A Remarkable Day

Have you ever wished you could  bottle a day and hold it forever?  Perhaps when you are feeling down or dissatisfied, you could open the bottle and take a swig.

I don’t mean to get all Jim Croce on you.  But, yesterday was that day.

Like many of you, Running Girl and I try to spend time with our family during the week between Christmas and New Year’s Day.  It’s a magical time of year.  Christmas preparations are done, the toys are opened, and hopefully returns are held to a minimum.

It’s time to play with the toys and spend time with those closest and dearest to you.

It is also a great time to get in the car and do family activities.

Rochester's high falls on the Genessee River. We learned how water power influenced the city's early industries.

Yesterday, all five members of Kay Nou got into the family vehicle to travel to Rochester, NY for a day of fun and learning.  RG and I informed the teens they were coming asked the teens if they would like to come.  To our delight, both Subway Dude and The Fashionista responded “yes” enthusiastically.

We made Subway Dude drive (against his will) the hour and a half or so to our destination.  This is not his favorite thing.  SD did a great job.

I sat in the co-pilot seat, playing with his Christmas toy — a Garmin Nuvi GPS device.  We marveled at its intelligence, and patience in dealing with stupid humans.  When we deliberately disobeyed Computer Cindy’s directives to “Turn Right Now,” the device immediately recomputed a new route.  Cindy then told us what to do next.  However, we thought we detected a note of irritation in her computed-generated vocal pattern.

The weather was good.  Or bad, if like us, you prefer snow in late December.  We made good time.

As we were coming into downtown Rochester, Computer Cindy started issuing commands in a fast and furious manner.  At that point, my cell phone went off.  It was an old friend.  I assumed that he was calling to see if he was available for lunch.  Unfortunately, the friend was calling to inform me of the death of another friend.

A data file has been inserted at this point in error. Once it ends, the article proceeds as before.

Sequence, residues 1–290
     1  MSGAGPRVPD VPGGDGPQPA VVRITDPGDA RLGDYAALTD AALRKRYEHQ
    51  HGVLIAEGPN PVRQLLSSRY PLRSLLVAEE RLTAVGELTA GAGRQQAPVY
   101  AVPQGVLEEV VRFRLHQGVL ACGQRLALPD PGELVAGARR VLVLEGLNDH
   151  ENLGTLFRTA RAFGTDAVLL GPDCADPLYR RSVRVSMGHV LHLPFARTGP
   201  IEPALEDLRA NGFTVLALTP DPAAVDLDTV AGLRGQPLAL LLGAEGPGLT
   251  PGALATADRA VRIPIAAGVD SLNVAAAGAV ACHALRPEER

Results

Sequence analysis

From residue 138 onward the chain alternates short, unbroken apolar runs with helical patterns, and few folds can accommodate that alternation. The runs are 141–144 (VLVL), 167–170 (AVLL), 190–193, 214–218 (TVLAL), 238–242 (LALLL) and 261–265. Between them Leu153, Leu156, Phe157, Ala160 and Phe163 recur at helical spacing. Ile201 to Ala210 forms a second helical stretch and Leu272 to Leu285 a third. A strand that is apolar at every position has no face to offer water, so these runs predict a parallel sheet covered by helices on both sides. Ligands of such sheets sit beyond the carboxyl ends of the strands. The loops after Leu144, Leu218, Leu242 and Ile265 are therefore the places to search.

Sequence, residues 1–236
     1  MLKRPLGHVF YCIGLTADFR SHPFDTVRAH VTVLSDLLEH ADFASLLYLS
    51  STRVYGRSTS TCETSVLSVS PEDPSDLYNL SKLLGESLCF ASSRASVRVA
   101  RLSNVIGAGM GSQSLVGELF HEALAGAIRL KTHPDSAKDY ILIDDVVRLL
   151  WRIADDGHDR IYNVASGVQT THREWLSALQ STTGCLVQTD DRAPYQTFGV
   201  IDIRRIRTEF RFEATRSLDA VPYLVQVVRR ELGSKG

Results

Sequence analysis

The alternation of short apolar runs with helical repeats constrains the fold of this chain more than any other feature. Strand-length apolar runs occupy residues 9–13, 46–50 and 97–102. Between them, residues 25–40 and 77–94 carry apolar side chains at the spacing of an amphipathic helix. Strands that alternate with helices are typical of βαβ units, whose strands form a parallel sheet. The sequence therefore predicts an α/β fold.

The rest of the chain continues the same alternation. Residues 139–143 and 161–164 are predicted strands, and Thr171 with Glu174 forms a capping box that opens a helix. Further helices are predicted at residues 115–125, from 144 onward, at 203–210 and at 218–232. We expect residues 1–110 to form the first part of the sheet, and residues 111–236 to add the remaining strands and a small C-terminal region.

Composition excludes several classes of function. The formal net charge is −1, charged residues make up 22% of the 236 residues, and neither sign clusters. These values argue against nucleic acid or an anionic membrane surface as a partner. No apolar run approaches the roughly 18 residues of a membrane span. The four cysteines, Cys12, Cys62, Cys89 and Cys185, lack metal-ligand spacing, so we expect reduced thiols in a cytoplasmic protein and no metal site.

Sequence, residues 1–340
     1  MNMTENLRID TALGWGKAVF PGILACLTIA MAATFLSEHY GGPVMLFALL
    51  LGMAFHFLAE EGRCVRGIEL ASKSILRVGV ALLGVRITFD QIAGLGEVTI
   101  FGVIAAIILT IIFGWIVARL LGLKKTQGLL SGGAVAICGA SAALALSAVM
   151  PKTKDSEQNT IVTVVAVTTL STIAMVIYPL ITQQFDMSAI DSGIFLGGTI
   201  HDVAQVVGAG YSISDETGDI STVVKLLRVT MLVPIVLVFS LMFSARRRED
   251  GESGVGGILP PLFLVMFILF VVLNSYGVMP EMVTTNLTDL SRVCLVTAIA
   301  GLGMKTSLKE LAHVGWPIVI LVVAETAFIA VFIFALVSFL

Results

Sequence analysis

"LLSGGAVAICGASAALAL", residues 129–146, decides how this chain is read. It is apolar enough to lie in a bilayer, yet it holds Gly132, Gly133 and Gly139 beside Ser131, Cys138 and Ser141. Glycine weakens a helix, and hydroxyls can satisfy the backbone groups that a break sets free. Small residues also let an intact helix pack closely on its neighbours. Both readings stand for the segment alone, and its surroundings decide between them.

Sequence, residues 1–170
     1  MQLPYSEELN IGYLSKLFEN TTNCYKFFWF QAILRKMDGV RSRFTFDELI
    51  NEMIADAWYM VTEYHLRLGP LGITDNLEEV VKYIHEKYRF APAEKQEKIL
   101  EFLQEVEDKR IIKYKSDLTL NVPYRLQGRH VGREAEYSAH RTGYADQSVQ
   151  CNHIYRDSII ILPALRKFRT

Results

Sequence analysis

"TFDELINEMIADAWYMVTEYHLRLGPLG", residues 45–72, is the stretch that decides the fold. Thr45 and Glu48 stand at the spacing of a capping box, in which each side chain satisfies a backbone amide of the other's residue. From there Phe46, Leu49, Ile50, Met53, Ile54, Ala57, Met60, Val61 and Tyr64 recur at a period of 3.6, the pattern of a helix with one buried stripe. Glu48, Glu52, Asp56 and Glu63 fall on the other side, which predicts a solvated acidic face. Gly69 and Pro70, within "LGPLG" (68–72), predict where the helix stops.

Terry Loretto was only 50.  He died suddenly the day after Christmas.  He was a good friend.  We both left jobs to start our own law practices at virtually the same time.  When I struggled with my internal conflict over whether to adopt a child from Haiti, I shared my burden with Terry, who listened patiently and offered his advice.

Terry had a big laugh and a great sense of humor.  I and many others will miss him forever.


The news of Terry’s passing tempered the mood of the day.  Nevertheless, it also served to enhance the fact that we were all together, and that life can be fleeting.  The Romans say Non c’è rosa senza spine (“There is no rose without thorns”).  The sorrow that the death of a friend brings also leavens the dough of life to produce a better and more fulfilling bread.


Our first destination was the Susan B. Anthony house.  I had been there once before a few years earlier.  I really wanted to share the experience with my family.  In case you haven’t caught on yet, RG and I feel that our kids are really incredible people, and we want to do everything we can to provide them the formative life experiences that go into producing interesting adults.

The Anthony house is one of those locations ripe for knowledge-gathering.  RG remarked that she was struck by how many important causes came to meet at the crossroads of the 19th Century, embodied by Susan Brownell Anthony: universal suffrage; abolition of slavery; and temperance of alcohol due to the terrible effect of its consumption by working men upon their families.

Island Boy was fidgeting.  We have learned from experience that long car trips are not his forte.  But, before he and RG peeled off from the personal tour we received from a guide named Lynn, he learned about where Susan B. Anthony and her family ate dinner and how they heated their home.

Island Boy also made a key observation that had escaped the rest of us: Lynn bore a striking resemblance to Susan B. Anthony herself.  Lynn was overjoyed when she learned of this — apparently she impersonates the great lady for historical events.  She informed us that few visitors pick up on this resemblance.

After RG and IB left the tour, the teens and I had a good chat with Lynn.  Among other things, we discussed: